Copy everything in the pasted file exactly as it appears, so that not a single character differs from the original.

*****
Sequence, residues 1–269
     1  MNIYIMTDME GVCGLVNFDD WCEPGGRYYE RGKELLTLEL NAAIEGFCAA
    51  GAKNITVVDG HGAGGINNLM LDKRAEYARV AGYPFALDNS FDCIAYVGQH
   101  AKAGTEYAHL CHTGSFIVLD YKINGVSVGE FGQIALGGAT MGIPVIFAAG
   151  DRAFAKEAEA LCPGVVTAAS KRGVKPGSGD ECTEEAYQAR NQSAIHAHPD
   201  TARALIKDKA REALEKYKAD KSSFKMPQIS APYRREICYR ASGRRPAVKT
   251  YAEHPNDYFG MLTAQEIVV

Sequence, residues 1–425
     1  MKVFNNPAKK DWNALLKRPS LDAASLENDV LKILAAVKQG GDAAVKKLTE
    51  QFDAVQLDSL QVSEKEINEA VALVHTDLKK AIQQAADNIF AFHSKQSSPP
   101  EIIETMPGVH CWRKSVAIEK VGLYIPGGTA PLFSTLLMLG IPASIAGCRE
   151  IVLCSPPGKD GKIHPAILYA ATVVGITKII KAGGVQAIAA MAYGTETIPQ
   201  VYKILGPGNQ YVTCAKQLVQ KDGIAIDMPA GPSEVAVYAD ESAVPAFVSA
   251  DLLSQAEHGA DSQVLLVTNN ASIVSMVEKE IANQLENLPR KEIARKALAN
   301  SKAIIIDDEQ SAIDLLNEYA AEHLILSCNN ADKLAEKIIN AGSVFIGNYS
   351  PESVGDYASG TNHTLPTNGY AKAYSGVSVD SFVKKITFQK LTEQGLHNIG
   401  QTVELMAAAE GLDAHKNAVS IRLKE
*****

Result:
Sequence, residues 1–269
     1  MNIYIMTDME GVCGLVNFDD WCEPGGRYYE RGKELLTLEL NAAIEGFCAA
    51  GAKNITVVDG HGAGGINNLM LDKRAEYARV AGYPFALDNS FDCIAYVGQH
   101  AKAGTEYAHL CHTGSFIVLD YKINGVSVGE FGQIALGGAT MGIPVIFAAG
   151  DRAFAKEAEA LCPGVVTAAS KRGVKPGSGD ECTEEAYQAR NQSAIHAHPD
   201  TARALIKDKA REALEKYKAD KSSFKMPQIS APYRREICYR ASGRRPAVKT
   251  YAEHPNDYFG MLTAQEIVV

Sequence, residues 1–425
     1  MKVFNNPAKK DWNALLKRPS LDAASLENDV LKILAAVKQG GDAAVKKLTE
    51  QFDAVQLDSL QVSEKEINEA VALVHTDLKK AIQQAADNIF AFHSKQSSPP
   101  EIIETMPGVH CWRKSVAIEK VGLYIPGGTA PLFSTLLMLG IPASIAGCRE
   151  IVLCSPPGKD GKIHPAILYA ATVVGITKII KAGGVQAIAA MAYGTETIPQ
   201  VYKILGPGNQ YVTCAKQLVQ KDGIAIDMPA GPSEVAVYAD ESAVPAFVSA
   251  DLLSQAEHGA DSQVLLVTNN ASIVSMVEKE IANQLENLPR KEIARKALAN
   301  SKAIIIDDEQ SAIDLLNEYA AEHLILSCNN ADKLAEKIIN AGSVFIGNYS
   351  PESVGDYASG TNHTLPTNGY AKAYSGVSVD SFVKKITFQK LTEQGLHNIG
   401  QTVELMAAAE GLDAHKNAVS IRLKE